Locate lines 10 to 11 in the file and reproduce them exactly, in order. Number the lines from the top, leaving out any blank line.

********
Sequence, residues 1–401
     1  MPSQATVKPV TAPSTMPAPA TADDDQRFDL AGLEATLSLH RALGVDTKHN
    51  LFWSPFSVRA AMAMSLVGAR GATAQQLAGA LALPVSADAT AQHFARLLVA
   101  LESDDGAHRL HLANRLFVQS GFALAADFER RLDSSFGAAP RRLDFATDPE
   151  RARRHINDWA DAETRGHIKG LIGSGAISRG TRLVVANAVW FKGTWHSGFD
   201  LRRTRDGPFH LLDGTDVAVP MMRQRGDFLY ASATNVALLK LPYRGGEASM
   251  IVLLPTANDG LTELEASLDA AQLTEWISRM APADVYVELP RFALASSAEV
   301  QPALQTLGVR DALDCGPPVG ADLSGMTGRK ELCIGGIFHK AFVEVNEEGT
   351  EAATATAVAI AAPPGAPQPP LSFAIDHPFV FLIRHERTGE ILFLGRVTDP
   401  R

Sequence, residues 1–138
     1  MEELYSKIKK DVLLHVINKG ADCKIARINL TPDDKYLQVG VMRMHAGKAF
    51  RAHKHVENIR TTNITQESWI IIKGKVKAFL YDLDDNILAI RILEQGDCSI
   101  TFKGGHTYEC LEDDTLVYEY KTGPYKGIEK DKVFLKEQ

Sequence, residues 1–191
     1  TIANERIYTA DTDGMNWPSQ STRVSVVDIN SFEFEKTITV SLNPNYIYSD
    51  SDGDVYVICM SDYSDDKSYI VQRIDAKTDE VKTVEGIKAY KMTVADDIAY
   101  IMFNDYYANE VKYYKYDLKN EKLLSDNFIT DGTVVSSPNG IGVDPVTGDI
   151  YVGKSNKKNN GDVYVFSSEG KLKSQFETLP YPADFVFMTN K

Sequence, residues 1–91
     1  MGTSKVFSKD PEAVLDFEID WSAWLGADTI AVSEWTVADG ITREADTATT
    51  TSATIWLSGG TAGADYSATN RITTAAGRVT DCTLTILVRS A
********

   401  R

Sequence, residues 1–138